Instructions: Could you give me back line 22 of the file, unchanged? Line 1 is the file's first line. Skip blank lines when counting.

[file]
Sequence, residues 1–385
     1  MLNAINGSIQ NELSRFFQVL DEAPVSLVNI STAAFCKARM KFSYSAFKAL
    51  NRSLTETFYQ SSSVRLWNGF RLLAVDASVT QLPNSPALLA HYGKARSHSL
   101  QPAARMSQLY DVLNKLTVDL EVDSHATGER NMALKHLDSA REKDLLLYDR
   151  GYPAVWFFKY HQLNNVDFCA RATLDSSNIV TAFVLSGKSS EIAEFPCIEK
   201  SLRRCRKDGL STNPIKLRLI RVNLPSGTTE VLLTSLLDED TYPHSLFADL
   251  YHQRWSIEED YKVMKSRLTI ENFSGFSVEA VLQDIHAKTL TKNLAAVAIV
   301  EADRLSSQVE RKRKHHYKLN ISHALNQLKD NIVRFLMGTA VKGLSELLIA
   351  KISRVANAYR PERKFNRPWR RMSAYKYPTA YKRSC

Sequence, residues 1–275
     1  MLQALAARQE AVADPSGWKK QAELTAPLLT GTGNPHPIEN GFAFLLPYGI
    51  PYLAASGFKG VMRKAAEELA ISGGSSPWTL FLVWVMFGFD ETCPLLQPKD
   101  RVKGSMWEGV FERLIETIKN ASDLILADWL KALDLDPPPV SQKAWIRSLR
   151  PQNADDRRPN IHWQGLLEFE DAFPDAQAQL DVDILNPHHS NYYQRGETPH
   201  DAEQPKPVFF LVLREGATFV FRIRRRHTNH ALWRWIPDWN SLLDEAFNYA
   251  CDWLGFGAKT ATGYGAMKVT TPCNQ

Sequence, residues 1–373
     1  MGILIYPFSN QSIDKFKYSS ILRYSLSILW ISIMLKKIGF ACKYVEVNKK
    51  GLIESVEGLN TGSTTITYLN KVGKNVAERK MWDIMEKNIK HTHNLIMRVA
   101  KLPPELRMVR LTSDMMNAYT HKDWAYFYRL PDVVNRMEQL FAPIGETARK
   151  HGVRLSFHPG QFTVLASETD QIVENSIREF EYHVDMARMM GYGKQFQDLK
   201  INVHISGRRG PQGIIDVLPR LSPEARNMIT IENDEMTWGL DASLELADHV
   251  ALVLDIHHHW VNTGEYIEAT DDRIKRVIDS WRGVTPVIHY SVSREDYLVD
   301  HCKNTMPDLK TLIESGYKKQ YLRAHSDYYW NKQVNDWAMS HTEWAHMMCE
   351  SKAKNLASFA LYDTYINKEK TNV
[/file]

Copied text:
   201  INVHISGRRG PQGIIDVLPR LSPEARNMIT IENDEMTWGL DASLELADHV